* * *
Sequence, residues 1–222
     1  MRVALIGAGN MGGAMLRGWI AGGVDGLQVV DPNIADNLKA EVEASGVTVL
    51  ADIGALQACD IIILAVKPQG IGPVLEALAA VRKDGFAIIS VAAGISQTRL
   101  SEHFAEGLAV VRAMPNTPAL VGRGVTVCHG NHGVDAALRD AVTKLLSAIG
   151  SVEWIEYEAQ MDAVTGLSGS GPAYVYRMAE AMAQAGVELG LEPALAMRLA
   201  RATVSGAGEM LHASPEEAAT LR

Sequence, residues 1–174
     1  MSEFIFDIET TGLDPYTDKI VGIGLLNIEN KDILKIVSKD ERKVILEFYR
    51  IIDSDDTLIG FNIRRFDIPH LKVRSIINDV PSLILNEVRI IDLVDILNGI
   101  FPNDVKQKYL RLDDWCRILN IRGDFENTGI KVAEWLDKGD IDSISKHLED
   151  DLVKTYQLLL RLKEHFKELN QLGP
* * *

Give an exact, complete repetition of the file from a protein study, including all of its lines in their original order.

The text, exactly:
Sequence, residues 1–222
     1  MRVALIGAGN MGGAMLRGWI AGGVDGLQVV DPNIADNLKA EVEASGVTVL
    51  ADIGALQACD IIILAVKPQG IGPVLEALAA VRKDGFAIIS VAAGISQTRL
   101  SEHFAEGLAV VRAMPNTPAL VGRGVTVCHG NHGVDAALRD AVTKLLSAIG
   151  SVEWIEYEAQ MDAVTGLSGS GPAYVYRMAE AMAQAGVELG LEPALAMRLA
   201  RATVSGAGEM LHASPEEAAT LR

Sequence, residues 1–174
     1  MSEFIFDIET TGLDPYTDKI VGIGLLNIEN KDILKIVSKD ERKVILEFYR
    51  IIDSDDTLIG FNIRRFDIPH LKVRSIINDV PSLILNEVRI IDLVDILNGI
   101  FPNDVKQKYL RLDDWCRILN IRGDFENTGI KVAEWLDKGD IDSISKHLED
   151  DLVKTYQLLL RLKEHFKELN QLGP